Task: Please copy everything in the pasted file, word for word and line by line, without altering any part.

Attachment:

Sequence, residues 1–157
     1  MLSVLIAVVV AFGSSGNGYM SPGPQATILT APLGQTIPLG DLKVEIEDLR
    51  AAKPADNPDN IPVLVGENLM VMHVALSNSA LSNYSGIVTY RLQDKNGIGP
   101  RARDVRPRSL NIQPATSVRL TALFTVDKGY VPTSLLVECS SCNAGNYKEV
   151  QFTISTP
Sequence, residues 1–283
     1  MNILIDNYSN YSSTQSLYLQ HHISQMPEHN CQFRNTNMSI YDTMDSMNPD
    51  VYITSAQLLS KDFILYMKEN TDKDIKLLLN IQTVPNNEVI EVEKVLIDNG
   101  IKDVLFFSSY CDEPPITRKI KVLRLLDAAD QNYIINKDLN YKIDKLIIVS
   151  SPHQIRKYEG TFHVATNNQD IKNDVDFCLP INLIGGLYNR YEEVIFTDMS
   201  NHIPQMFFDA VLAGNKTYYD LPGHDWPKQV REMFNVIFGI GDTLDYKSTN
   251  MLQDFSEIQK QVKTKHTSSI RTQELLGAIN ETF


Sequence, residues 1–157
     1  MLSVLIAVVV AFGSSGNGYM SPGPQATILT APLGQTIPLG DLKVEIEDLR
    51  AAKPADNPDN IPVLVGENLM VMHVALSNSA LSNYSGIVTY RLQDKNGIGP
   101  RARDVRPRSL NIQPATSVRL TALFTVDKGY VPTSLLVECS SCNAGNYKEV
   151  QFTISTP
Sequence, residues 1–283
     1  MNILIDNYSN YSSTQSLYLQ HHISQMPEHN CQFRNTNMSI YDTMDSMNPD
    51  VYITSAQLLS KDFILYMKEN TDKDIKLLLN IQTVPNNEVI EVEKVLIDNG
   101  IKDVLFFSSY CDEPPITRKI KVLRLLDAAD QNYIINKDLN YKIDKLIIVS
   151  SPHQIRKYEG TFHVATNNQD IKNDVDFCLP INLIGGLYNR YEEVIFTDMS
   201  NHIPQMFFDA VLAGNKTYYD LPGHDWPKQV REMFNVIFGI GDTLDYKSTN
   251  MLQDFSEIQK QVKTKHTSSI RTQELLGAIN ETF